Over the next decade, the number of elderly homeless Americans is projected to triple — and that was before COVID-19 hit. In Phoenix, the crisis has already arrived.
Last year, after analyzing historical records of shelter admissions in three major American cities, a team of researchers led by Dennis P. Culhane, PhD, a professor at the University of Pennsylvania’s School of Social Policy & Practice and one of the country’s leading authorities on homelessness, published a sobering projection: In the next 10 years, the number of elderly people experiencing homelessness in the United States would nearly triple, as a wave of baby boomers who have historically made up the largest share of the homeless population ages. And that was before a pandemic arrived to stretch what remains of the social safety net to the breaking point.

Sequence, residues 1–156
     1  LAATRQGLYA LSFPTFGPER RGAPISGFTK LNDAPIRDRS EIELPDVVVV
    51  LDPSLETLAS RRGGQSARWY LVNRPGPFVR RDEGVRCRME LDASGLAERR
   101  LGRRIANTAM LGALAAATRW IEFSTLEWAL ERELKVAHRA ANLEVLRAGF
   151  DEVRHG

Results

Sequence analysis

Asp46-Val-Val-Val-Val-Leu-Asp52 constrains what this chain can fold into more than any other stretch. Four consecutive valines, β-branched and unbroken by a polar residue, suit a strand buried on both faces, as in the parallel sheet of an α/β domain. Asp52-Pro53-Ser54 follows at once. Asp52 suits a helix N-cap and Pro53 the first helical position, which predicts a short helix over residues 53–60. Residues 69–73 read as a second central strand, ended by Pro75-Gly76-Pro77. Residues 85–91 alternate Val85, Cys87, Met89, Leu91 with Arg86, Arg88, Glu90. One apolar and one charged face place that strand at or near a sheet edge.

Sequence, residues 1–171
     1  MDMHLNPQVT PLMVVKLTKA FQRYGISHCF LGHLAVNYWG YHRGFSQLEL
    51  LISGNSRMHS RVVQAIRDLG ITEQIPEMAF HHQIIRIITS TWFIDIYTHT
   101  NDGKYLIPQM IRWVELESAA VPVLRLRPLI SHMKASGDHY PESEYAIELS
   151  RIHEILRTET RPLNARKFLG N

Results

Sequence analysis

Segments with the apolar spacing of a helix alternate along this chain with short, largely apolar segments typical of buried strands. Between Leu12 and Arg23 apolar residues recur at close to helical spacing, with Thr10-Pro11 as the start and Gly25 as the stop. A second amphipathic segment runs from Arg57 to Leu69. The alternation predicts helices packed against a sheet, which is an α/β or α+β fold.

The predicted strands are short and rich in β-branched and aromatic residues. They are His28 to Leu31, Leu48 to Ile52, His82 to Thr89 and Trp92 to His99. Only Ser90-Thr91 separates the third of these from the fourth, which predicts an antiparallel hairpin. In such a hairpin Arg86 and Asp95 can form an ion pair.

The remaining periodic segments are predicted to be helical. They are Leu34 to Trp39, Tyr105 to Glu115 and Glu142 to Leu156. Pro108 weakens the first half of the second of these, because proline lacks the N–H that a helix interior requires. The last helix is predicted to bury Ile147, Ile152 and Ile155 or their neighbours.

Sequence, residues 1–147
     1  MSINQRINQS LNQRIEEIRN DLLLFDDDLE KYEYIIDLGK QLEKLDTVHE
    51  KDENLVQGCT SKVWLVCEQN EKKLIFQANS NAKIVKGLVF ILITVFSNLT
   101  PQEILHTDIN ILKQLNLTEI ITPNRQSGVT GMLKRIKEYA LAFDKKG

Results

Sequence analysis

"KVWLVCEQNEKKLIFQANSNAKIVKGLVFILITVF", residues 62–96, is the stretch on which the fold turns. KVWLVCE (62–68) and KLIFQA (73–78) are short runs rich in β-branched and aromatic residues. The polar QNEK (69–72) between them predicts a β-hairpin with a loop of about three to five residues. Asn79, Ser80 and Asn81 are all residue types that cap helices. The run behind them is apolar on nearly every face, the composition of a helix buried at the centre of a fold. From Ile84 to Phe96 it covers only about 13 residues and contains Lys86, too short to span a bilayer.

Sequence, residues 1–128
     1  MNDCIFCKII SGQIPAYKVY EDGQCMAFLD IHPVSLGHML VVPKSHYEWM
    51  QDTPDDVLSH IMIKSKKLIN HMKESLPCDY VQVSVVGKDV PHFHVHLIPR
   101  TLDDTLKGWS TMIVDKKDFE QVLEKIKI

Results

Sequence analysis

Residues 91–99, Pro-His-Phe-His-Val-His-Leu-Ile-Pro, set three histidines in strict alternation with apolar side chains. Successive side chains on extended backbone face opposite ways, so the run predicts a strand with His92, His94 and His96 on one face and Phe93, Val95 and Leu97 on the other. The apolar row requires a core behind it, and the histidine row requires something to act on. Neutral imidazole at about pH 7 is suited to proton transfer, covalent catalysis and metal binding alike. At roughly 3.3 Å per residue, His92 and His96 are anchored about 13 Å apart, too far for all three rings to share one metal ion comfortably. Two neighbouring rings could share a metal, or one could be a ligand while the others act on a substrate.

“If we’re forecasting a flood, where the water will reach up to our heads,” Culhane told a writer with The New York Times Magazine, “it’s already up to our knees, and rising very, very fast.”
They are known as “the wealthiest generation,” a moniker that reveals only a partial truth about baby boomers. While the first half of the boom generation entered adulthood riding the winds of economic prosperity, those who were born during the second half, between 1955 and 1964, faced entirely different circumstances as they came of age. They struggled against housing and labor markets crowded by their generational predecessors. The resulting higher home prices and lower wages fueled a lopsided competition that made it significantly tougher for those who were poor and less educated to gain a foothold in the economy. Demographers call it a “birth cohort effect,” a sort of destiny tied to a person’s place in history and time. One way or another, Culhane said, “this cohort had their lives disrupted.”
Read the full article in The New York Times Magazine here.